Play Live Radio
Next Up:
0:00
0:00
Available On Air Stations

Pittsburgh Police union says they will file grievance for vaccine mandate

pittsburgh police officer cop public safety.JPG
Katie Blackley
/
90.5 WESA

The Fraternal Order of Police will file a grievance against the City of Pittsburgh for its COVID vaccine mandate, according to union president Robert Swartzwelder.

On Monday, Mayor Bill Peduto issued an executive order for all city workers to be vaccinated by Dec. 22, or face discipline that could include termination. Swartzwelder said the city did not discuss the decision with unions, besides when the city told them it would implement the requirement.

"The city violated several matters of mandatory subjects of collective bargaining," Swartzwelder said. "When an officer was hired here, they were not told that they had to have a vaccine. ... We know that the vaccine prevents serious illness, but it doesn't eliminate you from contracting it. They should have bargained over this issue and they did not, and they went ahead and implemented it. So we intend to file a grievance."

Three police officers have died from COVID complications in recent weeks, and last month the public safety department said 39% of officers were unvaccinated. But Swartzwelder said receiving the vaccine has to be an individual choice.

"I am vaccinated; I received both shots and a booster," he said. "But I made an individualized choice. Nobody held my hand and made me get the vaccine. ... The city is talking about health and wellness, but they don't even require an annual physical for the force, so what about all of the other illnesses out there?"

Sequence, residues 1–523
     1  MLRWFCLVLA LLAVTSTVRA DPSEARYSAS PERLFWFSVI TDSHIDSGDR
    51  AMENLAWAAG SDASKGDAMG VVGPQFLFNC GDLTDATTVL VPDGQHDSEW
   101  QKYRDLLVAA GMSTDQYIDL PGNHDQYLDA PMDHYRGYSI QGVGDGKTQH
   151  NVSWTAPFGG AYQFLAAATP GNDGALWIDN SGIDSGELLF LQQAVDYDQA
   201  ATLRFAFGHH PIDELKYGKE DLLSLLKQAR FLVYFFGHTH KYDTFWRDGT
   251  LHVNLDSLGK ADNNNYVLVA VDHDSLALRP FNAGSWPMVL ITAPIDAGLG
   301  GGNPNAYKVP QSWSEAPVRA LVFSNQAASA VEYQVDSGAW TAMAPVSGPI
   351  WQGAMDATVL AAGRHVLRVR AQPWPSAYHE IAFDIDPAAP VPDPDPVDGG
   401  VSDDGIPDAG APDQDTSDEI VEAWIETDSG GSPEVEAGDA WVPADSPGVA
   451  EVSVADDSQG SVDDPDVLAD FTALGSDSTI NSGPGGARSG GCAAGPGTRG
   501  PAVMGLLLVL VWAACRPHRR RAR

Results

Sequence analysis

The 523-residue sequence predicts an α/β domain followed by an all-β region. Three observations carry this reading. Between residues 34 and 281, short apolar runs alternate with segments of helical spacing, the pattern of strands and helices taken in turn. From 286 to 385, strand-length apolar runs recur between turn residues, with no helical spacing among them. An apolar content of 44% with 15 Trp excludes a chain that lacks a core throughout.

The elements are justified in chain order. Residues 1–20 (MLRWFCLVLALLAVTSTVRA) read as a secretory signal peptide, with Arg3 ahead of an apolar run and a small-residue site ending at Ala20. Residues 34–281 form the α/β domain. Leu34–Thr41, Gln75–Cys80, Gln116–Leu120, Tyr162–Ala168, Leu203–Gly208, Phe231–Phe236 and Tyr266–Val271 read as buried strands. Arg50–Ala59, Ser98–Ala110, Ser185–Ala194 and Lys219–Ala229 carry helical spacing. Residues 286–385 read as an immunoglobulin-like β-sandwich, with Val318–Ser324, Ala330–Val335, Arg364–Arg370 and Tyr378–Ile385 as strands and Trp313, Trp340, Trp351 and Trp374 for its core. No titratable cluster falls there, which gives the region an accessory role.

According to the FOP, 257 officers are eligible for retirement right now. Swartzwelder said some are considering it and if they do, the city could "be in deep peril."

"I've already lost 78 officers either to retirement or resignation [this year]," he said. "I've had a lot of young officer say they would resign, and there's not a single police officer in the police academy."

Mandates have been met by similar threats to quit en masse, both in the public and private workforce. But few employees seem to have followed up in places like New York City, where fewer than three fewer than three dozen officers stepped down in the face of a mandate — after union leaders there warned 10,000 could leave.

But the city has experienced attrition from retirements or officers leaving to work for more pay in suburban areas. And due to the coronavirus itself, the city has not had a new class in its police academy since last year.

Born and raised in Birmingham, Ala., Ariel finally made a “big move” 45 minutes down the interstate to the University of Alabama where she studied Journalism and International Studies. During her time in college she interned with Tuscaloosa News, a daily newspaper in her college town. After college, she got her first job back in her hometown with Birmingham Times, a weekly where she served as reporter and editor. Ariel made an even bigger move to Pittsburgh and joined the 90.5 WESA family as digital producer. She is adjusting to experiencing actual cold weather.
To make informed decisions, the public must receive unbiased truth.

As Southwestern Pennsylvania’s only independent public radio news and information station, we give voice to provocative ideas that foster a vibrant, informed, diverse and caring community.

WESA is primarily funded by listener contributions. Your financial support comes with no strings attached. It is free from commercial or political influence…that’s what makes WESA a free vital community resource. Your support funds important local journalism by WESA and NPR national reporters.

You give what you can, and you get news you can trust.
Please give now to continue providing fact-based journalism — a monthly gift of just $5 or $10 makes a big difference.